A.M. Kuchling amk at amk.ca
Mon Jun 23 19:18:49 CEST 2003

On Mon, 23 Jun 2003 20:49:16 +0400 (MSD), 
	Roman Suzi <rnd at onego.ru> wrote:
> On Mon, 23 Jun 2003, Alan Kennedy wrote:
> has some proprietary format. For example, I can easily write:
> zoo = "la\"lala"
> In case of XML I will need something like
><?xml version="1.0"?>

On the other hand, the XML format is readily useful for nested trees of
objects.  You could imagine writing bookmarks = http://url1,http://url2,...
but if you want to support folders containing URLs, the format and the
resulting parser would get messy (unless you throw the complexity over the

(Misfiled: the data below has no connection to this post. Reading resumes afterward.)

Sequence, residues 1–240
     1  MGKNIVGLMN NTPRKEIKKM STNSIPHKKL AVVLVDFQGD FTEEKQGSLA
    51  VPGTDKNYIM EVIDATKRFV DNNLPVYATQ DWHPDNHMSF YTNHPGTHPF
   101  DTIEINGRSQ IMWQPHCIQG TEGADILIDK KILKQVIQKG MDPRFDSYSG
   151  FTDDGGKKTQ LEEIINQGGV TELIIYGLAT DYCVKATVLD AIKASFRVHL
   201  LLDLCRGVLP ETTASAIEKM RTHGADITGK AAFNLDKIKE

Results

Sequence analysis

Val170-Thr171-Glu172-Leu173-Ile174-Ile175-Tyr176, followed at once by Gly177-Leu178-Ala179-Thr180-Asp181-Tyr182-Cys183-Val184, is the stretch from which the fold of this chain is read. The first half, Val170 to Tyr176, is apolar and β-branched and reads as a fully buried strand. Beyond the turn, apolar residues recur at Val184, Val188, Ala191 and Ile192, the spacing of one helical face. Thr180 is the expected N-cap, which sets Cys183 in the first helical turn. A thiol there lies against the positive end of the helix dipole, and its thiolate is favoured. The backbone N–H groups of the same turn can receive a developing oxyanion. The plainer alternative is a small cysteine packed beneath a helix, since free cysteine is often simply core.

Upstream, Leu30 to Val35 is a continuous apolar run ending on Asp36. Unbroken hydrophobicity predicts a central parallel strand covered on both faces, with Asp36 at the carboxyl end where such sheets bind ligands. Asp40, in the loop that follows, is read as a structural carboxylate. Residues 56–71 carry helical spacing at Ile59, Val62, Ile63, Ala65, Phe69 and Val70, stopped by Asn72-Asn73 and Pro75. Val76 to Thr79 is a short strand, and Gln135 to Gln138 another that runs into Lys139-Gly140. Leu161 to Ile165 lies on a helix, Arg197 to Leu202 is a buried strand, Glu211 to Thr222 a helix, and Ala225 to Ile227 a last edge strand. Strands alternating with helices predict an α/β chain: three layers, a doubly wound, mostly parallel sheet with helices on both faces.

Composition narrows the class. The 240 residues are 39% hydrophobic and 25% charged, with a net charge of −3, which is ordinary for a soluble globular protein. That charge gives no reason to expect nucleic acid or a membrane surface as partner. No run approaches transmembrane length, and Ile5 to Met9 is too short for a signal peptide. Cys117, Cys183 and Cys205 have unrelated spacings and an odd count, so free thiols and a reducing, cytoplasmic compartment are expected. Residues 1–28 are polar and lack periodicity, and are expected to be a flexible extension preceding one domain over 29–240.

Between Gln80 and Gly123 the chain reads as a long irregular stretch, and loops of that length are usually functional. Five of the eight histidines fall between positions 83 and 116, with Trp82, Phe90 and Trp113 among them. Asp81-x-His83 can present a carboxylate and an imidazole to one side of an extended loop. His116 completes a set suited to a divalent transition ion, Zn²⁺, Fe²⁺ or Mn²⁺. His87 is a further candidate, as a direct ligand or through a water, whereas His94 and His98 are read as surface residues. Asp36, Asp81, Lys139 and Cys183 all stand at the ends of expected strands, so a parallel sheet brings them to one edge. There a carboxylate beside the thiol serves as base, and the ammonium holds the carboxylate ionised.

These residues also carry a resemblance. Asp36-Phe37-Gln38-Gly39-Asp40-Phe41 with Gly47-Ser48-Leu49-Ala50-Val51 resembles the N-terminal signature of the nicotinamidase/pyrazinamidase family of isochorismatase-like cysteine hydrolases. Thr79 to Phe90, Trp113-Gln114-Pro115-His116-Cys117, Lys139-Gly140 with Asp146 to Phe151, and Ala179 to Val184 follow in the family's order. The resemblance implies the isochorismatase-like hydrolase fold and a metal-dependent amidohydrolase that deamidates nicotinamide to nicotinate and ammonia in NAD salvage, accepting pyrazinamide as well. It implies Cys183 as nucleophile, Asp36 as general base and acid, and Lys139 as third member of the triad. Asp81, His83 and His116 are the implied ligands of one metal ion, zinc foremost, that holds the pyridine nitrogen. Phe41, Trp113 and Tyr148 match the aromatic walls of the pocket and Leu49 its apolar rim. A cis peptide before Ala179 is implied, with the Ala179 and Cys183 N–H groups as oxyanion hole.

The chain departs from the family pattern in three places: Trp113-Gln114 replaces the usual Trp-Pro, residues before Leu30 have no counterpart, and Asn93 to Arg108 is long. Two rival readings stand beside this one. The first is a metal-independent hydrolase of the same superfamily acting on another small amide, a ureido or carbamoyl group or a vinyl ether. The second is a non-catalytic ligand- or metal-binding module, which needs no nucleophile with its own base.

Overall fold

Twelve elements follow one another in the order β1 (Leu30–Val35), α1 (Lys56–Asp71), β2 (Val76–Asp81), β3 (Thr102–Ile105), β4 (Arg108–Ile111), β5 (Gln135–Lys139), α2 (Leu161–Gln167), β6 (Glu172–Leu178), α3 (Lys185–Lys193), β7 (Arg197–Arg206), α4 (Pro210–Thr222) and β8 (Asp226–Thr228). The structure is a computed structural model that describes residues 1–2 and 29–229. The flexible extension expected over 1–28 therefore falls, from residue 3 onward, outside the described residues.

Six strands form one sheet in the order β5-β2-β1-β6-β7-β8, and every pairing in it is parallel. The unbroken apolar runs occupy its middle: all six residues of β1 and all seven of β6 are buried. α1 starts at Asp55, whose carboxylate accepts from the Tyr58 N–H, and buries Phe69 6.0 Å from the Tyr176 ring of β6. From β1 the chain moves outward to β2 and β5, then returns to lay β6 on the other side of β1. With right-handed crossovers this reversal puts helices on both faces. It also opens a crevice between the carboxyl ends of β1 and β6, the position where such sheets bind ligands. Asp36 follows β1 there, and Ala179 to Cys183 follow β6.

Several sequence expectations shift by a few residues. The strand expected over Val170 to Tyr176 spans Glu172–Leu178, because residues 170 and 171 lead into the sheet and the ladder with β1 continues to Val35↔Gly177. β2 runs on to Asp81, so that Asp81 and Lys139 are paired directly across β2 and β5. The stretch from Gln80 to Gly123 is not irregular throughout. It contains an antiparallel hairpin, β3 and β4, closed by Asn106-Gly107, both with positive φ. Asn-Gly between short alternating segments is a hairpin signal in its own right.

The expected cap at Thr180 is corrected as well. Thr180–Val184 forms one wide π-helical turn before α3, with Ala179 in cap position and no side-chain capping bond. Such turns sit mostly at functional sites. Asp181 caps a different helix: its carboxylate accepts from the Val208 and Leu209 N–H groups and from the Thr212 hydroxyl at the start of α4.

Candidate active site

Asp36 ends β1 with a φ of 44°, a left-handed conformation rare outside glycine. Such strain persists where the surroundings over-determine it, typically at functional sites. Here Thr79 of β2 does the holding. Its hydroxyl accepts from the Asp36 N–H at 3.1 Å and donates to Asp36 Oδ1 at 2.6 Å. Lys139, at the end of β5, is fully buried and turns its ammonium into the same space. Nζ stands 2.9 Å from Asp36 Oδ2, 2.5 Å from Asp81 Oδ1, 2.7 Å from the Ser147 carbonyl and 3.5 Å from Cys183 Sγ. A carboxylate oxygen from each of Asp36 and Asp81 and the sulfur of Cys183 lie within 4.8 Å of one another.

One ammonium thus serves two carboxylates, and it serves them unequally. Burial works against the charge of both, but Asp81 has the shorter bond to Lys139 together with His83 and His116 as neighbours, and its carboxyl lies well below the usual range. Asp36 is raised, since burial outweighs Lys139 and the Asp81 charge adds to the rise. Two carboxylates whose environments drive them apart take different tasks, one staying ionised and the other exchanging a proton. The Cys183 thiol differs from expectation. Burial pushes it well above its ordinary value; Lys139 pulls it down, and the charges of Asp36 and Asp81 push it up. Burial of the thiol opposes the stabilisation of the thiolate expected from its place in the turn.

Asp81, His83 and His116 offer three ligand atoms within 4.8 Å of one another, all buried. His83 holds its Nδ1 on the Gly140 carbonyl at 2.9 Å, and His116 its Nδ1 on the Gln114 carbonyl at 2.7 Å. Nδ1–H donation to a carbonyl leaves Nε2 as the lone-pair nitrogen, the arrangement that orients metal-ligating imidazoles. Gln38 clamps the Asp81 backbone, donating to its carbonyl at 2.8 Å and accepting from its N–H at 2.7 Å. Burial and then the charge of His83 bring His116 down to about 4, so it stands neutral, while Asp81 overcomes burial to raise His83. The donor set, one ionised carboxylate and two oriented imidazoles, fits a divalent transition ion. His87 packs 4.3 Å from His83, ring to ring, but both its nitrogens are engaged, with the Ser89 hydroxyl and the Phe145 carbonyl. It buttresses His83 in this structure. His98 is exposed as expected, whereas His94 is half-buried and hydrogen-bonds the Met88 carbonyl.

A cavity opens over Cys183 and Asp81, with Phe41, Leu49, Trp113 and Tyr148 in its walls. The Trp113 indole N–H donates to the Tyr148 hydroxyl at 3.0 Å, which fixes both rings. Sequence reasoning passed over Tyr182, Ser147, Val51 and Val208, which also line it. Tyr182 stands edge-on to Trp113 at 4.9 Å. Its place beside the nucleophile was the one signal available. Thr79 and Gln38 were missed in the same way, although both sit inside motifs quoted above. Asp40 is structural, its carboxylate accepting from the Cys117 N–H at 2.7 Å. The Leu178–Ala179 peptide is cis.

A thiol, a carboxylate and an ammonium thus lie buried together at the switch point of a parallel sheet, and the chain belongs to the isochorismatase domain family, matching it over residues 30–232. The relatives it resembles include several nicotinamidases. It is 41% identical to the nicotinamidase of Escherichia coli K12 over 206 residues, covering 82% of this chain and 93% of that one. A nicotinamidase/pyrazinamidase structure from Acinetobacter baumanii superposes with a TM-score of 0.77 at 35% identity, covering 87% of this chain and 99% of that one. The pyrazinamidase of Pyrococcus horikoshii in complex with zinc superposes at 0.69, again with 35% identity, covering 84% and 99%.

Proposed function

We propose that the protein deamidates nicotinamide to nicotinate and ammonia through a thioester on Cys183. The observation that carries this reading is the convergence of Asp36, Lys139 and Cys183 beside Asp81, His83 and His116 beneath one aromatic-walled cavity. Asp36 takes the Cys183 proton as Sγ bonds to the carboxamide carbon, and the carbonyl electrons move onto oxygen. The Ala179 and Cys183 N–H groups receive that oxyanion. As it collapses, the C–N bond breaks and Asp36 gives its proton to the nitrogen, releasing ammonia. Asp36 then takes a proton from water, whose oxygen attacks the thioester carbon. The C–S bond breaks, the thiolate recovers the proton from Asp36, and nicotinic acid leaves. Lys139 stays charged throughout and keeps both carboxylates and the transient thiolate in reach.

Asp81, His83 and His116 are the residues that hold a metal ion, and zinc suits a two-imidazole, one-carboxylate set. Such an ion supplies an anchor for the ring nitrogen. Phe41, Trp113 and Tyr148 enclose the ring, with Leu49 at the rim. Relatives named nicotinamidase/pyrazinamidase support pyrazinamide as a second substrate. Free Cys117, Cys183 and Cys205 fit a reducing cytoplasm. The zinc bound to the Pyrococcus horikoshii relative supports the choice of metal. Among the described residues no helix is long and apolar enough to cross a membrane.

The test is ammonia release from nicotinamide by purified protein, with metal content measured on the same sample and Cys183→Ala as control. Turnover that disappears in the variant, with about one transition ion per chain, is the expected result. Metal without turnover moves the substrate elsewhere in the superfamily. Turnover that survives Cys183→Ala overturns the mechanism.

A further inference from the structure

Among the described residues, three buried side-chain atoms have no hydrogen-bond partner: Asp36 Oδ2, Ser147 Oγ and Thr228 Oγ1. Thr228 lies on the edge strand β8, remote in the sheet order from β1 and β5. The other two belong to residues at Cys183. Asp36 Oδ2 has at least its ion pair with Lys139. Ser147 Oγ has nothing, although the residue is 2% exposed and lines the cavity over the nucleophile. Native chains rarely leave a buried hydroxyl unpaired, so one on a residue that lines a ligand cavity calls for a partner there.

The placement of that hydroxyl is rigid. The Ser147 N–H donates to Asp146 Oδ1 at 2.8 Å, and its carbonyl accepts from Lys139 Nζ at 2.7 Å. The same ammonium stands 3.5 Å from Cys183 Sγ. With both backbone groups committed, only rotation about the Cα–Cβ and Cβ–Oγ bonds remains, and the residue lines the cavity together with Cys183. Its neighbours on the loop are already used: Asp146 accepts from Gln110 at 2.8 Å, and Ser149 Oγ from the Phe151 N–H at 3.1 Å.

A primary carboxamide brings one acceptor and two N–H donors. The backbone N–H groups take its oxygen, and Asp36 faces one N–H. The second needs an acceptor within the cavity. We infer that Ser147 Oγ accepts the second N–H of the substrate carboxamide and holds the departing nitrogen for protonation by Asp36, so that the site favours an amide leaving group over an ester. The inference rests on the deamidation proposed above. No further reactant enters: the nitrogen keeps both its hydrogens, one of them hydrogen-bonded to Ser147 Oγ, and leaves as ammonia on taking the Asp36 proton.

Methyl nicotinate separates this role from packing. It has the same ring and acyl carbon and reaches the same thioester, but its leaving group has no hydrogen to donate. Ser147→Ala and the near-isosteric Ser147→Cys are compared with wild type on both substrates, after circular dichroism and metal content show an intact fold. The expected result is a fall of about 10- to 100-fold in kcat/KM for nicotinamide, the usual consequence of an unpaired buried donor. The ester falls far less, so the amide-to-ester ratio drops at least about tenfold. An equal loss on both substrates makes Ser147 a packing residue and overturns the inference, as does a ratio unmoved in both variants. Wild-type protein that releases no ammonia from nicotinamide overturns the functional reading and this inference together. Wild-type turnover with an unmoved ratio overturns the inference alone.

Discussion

wall into the Python interpreter and just use eval()).

> - not a big deal, but it's harder to parse. And also XML software keeps
> changing (or so it seems), and this gives a sense of instability.

I've come to the conclusion that the initial concern for supporting APIs
such as SAX and DOM in Python was a mistake; many bugs stem from trying to
support interfaces that don't map to Python very well.  Instead we should 
have made nice Pythonic interfaces such as effbot's ElementTree which are
simpler to implement and to use, and ignore the W3C's APIs.  SAX isn't too
bad in this respect[1] -- pull APIs look pretty similar, differing only in
interface and method names -- but the DOM has been a mess, spawning several
implementations all of which are fairly complex.


[1] SAX is a _de facto_ API, not a W3C one; perhaps that explains why it's
    not too bad.

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